Protect your organisation from malware, ransomware and phishing attacks

Malware, shorthand for malicious software, is the collective name for malicious content including viruses, ransomware and spyware, with the aim of causing disruption and damage to a target.

Our network monitoring and intrusion detection products and digital forensic solutions help our customers to identify types of malware in high-rate network traffic flows allowing them to protect their perimeters, detect malware and prevent their devices and operating systems from becoming infected with malware.

Types of Malware include:


Ransomware is a type of malware designed to prevent access to a system or its data until a ransom has been paid to release it. Infamously Ransomware was brought into public knowledge in 2017 as a number of large organisations around the world were hit by the WannaCry outbreak resulting from the EternalBlue weakness.


Spyware is a type of malware that infiltrates systems to monitor activity in order to trigger malicious activities, or steal data and sensitive information. Some examples of spyware threats include CoolWebSearch, Gator (GAIN) and 180 search assistant. It is difficult to get rid of as you may not be aware you have it!


Trojan’s, the name being borrowed from the story of the Greek’s invasion of Troy using a hollow wooden horse, refers to code that looks legitimate on the outside but on the inside allows an attacker to insert malware on the target system.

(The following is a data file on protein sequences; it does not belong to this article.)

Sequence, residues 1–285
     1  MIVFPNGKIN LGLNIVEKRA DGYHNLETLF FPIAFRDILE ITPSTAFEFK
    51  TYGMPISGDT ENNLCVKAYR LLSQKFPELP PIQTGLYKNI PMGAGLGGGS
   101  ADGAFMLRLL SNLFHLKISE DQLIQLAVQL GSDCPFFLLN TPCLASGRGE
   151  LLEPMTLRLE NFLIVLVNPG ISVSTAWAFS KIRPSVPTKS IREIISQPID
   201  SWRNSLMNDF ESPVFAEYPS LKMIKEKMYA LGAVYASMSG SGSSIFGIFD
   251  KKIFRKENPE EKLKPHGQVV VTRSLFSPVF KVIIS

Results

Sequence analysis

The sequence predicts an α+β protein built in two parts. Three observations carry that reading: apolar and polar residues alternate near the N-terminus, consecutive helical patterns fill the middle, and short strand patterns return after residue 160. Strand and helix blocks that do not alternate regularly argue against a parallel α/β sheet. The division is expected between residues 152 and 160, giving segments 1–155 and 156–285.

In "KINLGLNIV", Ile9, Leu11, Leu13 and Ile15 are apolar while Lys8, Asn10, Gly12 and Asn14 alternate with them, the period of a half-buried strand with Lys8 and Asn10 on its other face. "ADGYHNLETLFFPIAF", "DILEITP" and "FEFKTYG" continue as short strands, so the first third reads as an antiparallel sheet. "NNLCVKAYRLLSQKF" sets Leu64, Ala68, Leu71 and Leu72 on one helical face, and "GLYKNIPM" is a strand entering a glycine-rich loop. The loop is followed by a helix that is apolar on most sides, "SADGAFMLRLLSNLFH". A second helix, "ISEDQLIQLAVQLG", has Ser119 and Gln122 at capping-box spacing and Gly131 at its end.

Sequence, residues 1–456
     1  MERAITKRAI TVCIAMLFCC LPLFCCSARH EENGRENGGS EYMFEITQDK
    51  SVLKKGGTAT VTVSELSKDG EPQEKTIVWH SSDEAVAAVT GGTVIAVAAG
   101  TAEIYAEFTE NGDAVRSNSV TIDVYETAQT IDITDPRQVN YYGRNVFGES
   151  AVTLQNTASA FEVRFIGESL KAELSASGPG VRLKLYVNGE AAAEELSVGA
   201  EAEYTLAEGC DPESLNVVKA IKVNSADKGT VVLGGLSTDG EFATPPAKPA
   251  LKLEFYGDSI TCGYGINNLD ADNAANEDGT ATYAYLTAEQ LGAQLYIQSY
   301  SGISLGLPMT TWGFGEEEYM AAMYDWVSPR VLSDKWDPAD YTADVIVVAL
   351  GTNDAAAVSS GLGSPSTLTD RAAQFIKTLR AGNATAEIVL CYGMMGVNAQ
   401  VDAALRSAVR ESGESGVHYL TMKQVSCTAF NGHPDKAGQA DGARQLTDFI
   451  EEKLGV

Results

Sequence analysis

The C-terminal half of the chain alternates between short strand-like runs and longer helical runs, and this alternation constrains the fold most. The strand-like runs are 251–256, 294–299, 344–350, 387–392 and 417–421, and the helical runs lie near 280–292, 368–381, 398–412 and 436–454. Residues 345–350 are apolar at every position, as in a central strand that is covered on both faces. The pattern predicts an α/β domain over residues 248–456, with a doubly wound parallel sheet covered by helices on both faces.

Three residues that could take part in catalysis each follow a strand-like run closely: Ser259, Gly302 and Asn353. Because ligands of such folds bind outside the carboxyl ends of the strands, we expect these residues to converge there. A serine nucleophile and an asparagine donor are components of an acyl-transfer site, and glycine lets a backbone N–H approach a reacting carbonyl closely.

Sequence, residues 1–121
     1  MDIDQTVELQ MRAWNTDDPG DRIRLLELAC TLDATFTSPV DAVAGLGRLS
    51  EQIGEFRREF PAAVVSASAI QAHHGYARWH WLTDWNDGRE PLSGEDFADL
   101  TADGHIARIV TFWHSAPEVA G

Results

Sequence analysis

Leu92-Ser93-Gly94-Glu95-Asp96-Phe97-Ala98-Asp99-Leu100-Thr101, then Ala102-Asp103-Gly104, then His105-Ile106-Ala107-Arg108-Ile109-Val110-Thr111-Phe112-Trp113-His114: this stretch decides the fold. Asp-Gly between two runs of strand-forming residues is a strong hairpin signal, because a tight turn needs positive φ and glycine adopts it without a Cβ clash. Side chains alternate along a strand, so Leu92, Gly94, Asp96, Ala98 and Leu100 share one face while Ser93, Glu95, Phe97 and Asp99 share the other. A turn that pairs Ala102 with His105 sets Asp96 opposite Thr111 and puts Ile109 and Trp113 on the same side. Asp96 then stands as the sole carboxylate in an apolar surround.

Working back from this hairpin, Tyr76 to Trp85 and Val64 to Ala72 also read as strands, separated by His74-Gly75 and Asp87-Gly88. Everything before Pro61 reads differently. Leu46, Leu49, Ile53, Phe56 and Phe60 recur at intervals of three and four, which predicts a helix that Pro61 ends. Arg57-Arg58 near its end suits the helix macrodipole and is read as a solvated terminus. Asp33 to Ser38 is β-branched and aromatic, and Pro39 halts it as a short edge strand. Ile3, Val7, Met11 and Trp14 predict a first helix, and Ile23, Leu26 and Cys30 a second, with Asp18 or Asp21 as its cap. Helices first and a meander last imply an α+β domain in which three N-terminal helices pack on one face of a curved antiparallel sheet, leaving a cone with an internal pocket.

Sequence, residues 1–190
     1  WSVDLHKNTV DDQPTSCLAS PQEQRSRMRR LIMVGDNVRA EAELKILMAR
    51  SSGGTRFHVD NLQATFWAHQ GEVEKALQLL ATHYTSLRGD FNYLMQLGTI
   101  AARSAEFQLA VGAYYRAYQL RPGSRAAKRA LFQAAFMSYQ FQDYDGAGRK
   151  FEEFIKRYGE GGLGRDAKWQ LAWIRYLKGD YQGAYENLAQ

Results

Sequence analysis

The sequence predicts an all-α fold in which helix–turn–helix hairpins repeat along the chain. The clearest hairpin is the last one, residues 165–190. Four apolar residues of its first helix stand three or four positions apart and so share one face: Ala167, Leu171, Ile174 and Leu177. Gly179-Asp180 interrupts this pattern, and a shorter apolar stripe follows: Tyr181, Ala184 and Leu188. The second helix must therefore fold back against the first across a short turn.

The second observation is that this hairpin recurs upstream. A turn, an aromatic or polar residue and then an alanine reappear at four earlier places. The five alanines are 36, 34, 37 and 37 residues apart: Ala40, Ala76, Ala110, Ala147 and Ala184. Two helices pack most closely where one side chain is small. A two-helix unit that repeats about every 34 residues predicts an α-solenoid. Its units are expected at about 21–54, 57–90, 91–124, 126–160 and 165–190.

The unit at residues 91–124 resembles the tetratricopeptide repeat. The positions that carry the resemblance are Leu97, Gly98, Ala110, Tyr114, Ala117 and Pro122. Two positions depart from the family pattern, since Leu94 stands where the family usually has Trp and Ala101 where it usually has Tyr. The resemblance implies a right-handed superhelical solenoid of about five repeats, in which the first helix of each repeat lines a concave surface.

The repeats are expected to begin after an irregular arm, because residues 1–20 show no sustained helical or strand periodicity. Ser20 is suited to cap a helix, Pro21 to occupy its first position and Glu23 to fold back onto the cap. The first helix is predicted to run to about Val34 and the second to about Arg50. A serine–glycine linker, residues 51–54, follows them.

Virus malware self-replicates and spread by attaching themselves to legitimate files and programs. They are often distributed from infected websites, flash drives and e-mails. Viruses cannot spread by their own accord and are instead injected into existing applications to carry out its mission.


A worm is a standalone malware that operates as a self-contained application that can transfer and copy itself between devices. It differentiates itself from other malware by its ability to operate autonomously without the need for a host file or to hijack code on the device. They are often using part of a device that is invisible to the user.


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